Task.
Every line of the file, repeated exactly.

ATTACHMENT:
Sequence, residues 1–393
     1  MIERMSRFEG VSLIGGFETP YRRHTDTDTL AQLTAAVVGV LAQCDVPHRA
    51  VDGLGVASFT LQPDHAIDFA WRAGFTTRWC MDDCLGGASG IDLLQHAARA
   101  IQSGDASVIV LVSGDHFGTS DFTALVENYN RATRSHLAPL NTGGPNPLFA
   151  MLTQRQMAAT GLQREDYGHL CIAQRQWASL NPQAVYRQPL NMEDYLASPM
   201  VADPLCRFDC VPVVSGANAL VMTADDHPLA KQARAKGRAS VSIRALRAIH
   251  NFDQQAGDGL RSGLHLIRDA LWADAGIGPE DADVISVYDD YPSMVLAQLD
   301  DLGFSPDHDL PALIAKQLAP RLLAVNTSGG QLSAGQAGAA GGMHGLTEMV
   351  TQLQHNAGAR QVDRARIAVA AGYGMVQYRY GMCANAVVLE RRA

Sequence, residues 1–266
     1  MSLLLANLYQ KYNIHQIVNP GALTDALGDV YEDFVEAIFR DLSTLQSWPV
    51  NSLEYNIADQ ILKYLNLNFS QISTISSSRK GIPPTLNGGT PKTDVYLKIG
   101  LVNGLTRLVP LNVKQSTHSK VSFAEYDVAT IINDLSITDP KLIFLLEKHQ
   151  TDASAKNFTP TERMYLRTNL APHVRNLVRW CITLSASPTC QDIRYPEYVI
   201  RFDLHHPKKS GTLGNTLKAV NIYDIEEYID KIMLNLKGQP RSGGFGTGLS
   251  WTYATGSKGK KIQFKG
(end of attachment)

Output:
Sequence, residues 1–393
     1  MIERMSRFEG VSLIGGFETP YRRHTDTDTL AQLTAAVVGV LAQCDVPHRA
    51  VDGLGVASFT LQPDHAIDFA WRAGFTTRWC MDDCLGGASG IDLLQHAARA
   101  IQSGDASVIV LVSGDHFGTS DFTALVENYN RATRSHLAPL NTGGPNPLFA
   151  MLTQRQMAAT GLQREDYGHL CIAQRQWASL NPQAVYRQPL NMEDYLASPM
   201  VADPLCRFDC VPVVSGANAL VMTADDHPLA KQARAKGRAS VSIRALRAIH
   251  NFDQQAGDGL RSGLHLIRDA LWADAGIGPE DADVISVYDD YPSMVLAQLD
   301  DLGFSPDHDL PALIAKQLAP RLLAVNTSGG QLSAGQAGAA GGMHGLTEMV
   351  TQLQHNAGAR QVDRARIAVA AGYGMVQYRY GMCANAVVLE RRA

Sequence, residues 1–266
     1  MSLLLANLYQ KYNIHQIVNP GALTDALGDV YEDFVEAIFR DLSTLQSWPV
    51  NSLEYNIADQ ILKYLNLNFS QISTISSSRK GIPPTLNGGT PKTDVYLKIG
   101  LVNGLTRLVP LNVKQSTHSK VSFAEYDVAT IINDLSITDP KLIFLLEKHQ
   151  TDASAKNFTP TERMYLRTNL APHVRNLVRW CITLSASPTC QDIRYPEYVI
   201  RFDLHHPKKS GTLGNTLKAV NIYDIEEYID KIMLNLKGQP RSGGFGTGLS
   251  WTYATGSKGK KIQFKG